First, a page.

1. These are not peaceful protests. They’re not even riots. What we’re seeing in Portland are strategic assaults similar to those that took place on the anniversary of September 11 against American diplomatic facilities in Egypt and Tunisia under Obama. The proper response to them is a military response. The DHS response is inadequate and it’s still meeting with media lies about walls of vets and moms resisting Trump’s stormtroopers…. by attacking the buildings that they’re in and trying to kill them.
2. It’s extraordinary that the AP even pulled together this report which, in an almost unprecedented fashion at this point, doesn’t just take on the perspective of the rioters, but also that of the people trapped inside. Someone is likely to be purged for this belated act of journalism.
The terrace outside the front door was littered with garbage, the steps leading to the courthouse splattered with paint. A mixture of anti-police and Black Lives Matter graffiti covered the building’s outer walls and columns to a height of about 10 feet (3 meters).
Tear gas from the previous nights’ protests still hung in the air and coated the floor with a slime that had been hurriedly mopped up by custodians earlier that day. A few sickly looking potted plants still decorated the lobby, a reminder of a time before the courthouse was a battlefield.
“It’s scary. You open those doors out, when the crowd is shaking the fence, and … on the other side of that fence are people that want to kill you because of the job we chose to do and what we represent,” said a Deputy U.S. Marshal who has been protecting the courthouse for weeks. He requested anonymity because protesters have identified him and posted his personal information online.
“I can’t walk outside without being in fear for my life,” he said. “I am worried for my life, every time I walk outside of the building.”
Thirty minutes later, the fence rocked and leaned sharply as dozens of protesters pressed their weight against it, some of them throwing their bodies against it at a running start. The fence, designed to absorb the impact from a car going up to 30 mph (48 kph), undulated like a wave and tilted dangerously before springing back.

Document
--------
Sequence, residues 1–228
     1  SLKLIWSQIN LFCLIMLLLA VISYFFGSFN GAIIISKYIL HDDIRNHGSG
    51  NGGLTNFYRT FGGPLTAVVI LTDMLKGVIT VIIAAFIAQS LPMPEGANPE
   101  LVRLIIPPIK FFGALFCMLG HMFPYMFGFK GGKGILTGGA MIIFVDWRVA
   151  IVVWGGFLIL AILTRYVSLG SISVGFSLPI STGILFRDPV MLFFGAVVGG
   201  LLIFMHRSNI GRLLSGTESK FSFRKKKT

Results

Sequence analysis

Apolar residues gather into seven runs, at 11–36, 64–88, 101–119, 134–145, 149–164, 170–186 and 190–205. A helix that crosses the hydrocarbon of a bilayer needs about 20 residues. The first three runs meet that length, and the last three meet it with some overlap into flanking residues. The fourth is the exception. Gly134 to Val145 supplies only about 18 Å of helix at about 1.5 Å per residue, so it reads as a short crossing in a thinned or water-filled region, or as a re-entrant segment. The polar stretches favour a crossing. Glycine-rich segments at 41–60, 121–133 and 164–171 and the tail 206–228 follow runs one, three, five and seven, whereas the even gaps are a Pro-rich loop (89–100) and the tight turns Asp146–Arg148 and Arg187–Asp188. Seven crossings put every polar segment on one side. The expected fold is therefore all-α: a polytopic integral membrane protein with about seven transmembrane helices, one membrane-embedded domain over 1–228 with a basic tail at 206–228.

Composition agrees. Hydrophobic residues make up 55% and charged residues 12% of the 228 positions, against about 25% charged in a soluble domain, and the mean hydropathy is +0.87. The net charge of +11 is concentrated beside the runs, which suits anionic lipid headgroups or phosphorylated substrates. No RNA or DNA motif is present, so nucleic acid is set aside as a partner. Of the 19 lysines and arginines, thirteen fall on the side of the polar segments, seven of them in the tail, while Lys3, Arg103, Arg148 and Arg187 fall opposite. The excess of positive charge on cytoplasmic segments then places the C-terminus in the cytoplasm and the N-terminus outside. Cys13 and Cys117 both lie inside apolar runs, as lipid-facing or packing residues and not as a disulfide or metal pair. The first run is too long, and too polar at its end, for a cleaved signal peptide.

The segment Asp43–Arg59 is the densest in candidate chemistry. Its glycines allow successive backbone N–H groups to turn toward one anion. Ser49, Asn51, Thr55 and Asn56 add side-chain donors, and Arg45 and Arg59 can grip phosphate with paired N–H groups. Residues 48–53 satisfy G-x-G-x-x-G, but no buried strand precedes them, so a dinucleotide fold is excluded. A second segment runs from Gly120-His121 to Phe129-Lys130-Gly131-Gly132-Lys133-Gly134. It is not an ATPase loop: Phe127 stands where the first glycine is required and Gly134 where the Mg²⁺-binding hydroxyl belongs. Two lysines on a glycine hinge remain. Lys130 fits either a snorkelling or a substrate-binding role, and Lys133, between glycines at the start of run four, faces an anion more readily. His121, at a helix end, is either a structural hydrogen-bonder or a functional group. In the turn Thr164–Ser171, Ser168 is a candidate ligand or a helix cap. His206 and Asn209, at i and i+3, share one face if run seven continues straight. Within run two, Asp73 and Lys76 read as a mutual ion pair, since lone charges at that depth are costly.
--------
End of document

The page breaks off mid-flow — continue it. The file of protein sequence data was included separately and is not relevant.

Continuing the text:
Behind the front lines, the drummers that had whipped demonstrators up at the fountain regrouped and led the crowd in dancing and chanting.
Small pods of three to four protesters dressed in black circulated in the crowd, stopping every few minutes to point green laser beams in the eyes of agents posted as lookouts on porticoes on the courthouse’s upper stories. The agents above were silhouetted against the dark sky as dozens of green laser dots and a large spotlight played on the courthouse walls, projected from the back of the crowd.
Thirty minutes later, someone fired a commercial-grade firework inside the fence. Next came a flare and then protesters began using an angle grinder to eat away at the fence. A barrage of items came whizzing into the courthouse: rocks, cans of beans, water bottles, potatoes and rubber bouncy balls that cause the agents to slip and fall.
Inside the courthouse, it was dark, pitch dark except for one narrow ceiling bulb that cast a cone of light over the stairs.
Without lights, the agents hoped they would be better protected from people in the crowd who were firing metal ball bearings through the windows with sling shots. Thick ribbons of green light from blinding lasers crisscrossed the courthouse lobby, forcing the agents who were resting in between deployments to the fence to duck and weave to protect their eyes.
Every few minutes, a huge boom from a commercial-grade firework tossed over the fence caused the walls to rattle; the crowd outside cheered as explosions of red, white and green flashed against a thick curtain of yellowish tear gas.
“You see a lot of commentary on social media about, ‘Well, they’re wearing protective gear so that it’s not going to hurt them.’ Okay, I’ll put the same protective gear on you and I’ll throw a brick at your head and you tell me if you feel comfortable with that,” said a senior U.S. Marshals Service official who’s overseeing the response in Portland.
The firework came whizzing over the fence so fast that the agent didn’t have time to move.
It exploded with a boom, leaving his hearing deadened and bloody gashes on both forearms. Stunned, with help from his cohorts, he stripped to his boxer shorts and a black T-shirt so his wounds could be examined and photographed for evidence.
He told his fellow agents he was more worried about his hearing than about the gouges and burns on his arms.
By the end of the night, five other federal agents would be injured, including another who got a concussion when he was hit in the head with a commercial-grade firework. One agent was hospitalized. Several agents have lingering vision problems from the lasers.
After each night of protest, they seize dozens of homemade shields, slingshots, blocks of wood and chunks of concrete.
“My friends have been hit in the head with hammers. I know people who have been shot with fireworks. It’s disgusting,” said the Deputy U.S. Marshal who’s been at the courthouse for weeks. “I’ve never thought I’d have to walk around in my office building wearing a gas mask to go sit in front of my computer.”
What’s disgusting is that Federal facilities are under siege by organized assaults. The media and the Democrats have engaged in a blatant propaganda campaign in support of the attackers. And the feds have little to offer except small overwhelmed teams of agents.
This is the sort of thing that the Insurrection Act was made for. If throwing explosives at a Federal building doesn’t justify a military response, what does?